On the other hand, if a serious crime is committed and harm is caused to the victim, the penalties will be much more severe as several aggravating factors apply.

What Are the Sentencing Charges for Drug Conspiracy?

Drug conspiracy charges are among the most frequently encountered federal offenses, particularly in relation to narcotics. This category is ideal for examining the potential punishment outcomes. The federal statutes — 21 U.S.C. § 841 and 21 U.S.C. § 952 — outline four core drug-related offenses: production, possession, distribution, and smuggling. The penalties for conspiring to commit federal drug violations typically hinge on the nature and amount of controlled substances concerned, rather than just the planned illicit activity.

Take cannabis-related offenses: these carry no compulsory minimum penalization, with incarceration caps at 20 years. However, should the activities involve in excess of 100 kilograms of cannabis, the punishment threshold rises to a 5-year minimum, scaling up to a potential of 40 years behind bars. Conversely, when the drug in question is methamphetamine, and the amount is indeterminate, there’s no mandated minimum penalty. Yet, the involvement of as little as 5 grams of methamphetamine triggers a minimum 5-year sentence, which leaps to 10 years for conspiracies encompassing 50 grams or more.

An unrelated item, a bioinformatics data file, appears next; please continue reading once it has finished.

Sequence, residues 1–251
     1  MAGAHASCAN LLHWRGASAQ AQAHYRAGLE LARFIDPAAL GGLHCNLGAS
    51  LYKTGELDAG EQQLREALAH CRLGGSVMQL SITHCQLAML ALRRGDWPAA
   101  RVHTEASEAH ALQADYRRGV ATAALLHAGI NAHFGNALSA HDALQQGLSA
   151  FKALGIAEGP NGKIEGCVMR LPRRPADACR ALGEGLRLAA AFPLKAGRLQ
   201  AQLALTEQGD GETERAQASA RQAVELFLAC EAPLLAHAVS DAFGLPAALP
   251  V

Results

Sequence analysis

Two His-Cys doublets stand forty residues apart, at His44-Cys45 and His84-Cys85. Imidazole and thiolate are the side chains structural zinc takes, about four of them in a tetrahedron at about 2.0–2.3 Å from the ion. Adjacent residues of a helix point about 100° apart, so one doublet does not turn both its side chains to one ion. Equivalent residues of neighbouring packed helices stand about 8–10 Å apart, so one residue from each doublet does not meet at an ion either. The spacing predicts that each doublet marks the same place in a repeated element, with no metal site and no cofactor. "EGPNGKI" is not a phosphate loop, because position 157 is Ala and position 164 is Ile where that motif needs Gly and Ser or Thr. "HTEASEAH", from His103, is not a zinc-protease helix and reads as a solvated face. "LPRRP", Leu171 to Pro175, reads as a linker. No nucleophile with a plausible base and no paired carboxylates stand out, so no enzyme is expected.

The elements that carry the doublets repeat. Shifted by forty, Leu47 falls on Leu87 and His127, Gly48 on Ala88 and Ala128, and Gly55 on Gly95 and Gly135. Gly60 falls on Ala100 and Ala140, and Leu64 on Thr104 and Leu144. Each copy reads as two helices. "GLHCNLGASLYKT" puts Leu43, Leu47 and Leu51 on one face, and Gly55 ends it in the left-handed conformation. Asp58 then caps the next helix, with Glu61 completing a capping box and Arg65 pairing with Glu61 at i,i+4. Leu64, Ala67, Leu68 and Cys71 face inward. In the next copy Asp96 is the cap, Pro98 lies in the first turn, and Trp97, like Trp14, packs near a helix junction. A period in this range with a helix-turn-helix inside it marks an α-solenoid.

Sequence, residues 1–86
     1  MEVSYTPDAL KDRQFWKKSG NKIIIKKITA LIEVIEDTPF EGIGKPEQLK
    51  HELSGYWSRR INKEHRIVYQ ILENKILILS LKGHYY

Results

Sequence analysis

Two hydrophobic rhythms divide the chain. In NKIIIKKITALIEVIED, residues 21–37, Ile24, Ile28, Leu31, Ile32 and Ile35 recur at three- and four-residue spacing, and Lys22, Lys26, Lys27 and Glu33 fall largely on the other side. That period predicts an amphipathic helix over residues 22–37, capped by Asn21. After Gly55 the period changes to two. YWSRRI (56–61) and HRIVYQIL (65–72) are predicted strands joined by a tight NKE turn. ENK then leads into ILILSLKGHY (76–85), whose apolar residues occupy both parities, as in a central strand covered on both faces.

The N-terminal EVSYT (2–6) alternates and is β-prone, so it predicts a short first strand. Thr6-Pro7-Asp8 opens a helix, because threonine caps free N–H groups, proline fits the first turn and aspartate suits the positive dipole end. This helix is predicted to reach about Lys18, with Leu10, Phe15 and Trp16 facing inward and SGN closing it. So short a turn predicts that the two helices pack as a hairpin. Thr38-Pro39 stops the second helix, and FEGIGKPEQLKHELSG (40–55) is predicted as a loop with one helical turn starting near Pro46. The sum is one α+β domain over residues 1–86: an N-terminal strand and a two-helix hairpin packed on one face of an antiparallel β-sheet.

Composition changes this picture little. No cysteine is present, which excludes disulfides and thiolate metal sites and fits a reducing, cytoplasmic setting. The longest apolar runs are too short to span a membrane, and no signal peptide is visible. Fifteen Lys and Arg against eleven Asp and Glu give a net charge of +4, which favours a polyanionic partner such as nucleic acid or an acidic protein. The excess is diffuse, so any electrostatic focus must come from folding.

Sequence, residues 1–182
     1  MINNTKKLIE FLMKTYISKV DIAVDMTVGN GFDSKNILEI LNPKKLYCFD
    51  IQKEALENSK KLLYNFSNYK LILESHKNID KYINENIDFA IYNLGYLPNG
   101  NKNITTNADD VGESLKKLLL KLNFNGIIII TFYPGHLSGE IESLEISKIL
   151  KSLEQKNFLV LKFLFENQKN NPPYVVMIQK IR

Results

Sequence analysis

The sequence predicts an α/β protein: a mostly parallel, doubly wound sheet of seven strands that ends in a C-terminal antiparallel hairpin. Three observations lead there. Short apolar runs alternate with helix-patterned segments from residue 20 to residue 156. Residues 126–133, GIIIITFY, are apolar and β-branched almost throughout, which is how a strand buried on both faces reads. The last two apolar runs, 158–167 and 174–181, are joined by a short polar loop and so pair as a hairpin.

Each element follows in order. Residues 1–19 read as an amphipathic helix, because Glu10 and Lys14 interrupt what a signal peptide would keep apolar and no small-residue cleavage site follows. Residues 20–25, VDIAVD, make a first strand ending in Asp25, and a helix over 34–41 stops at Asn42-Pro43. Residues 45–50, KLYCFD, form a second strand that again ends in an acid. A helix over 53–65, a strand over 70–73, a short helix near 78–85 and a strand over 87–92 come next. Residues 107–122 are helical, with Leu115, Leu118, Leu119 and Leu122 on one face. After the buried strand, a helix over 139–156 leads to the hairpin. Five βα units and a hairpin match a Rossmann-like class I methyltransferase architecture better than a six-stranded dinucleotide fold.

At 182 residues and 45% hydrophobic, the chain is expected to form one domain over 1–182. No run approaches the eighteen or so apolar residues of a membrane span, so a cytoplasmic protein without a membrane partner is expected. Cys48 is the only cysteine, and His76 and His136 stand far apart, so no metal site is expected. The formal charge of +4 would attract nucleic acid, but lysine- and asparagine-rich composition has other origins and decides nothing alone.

How to Beat a Conspiracy Charge Case

Effective representation by a skilled conspiracy defense lawyer is critical when attempting to beat a conspiracy charge. The right legal counsel can potentially lead to a greatly reduced sentence or complete dismissal of charges. Conviction for a conspiracy charge requires incontrovertible evidence that two or more parties conspired to commit a crime, along with an overt act towards executing the planned offense. An adept defense attorney will craft a strategy to refute these points. Here are several ways a criminal attorney may tackle a conspiracy charge: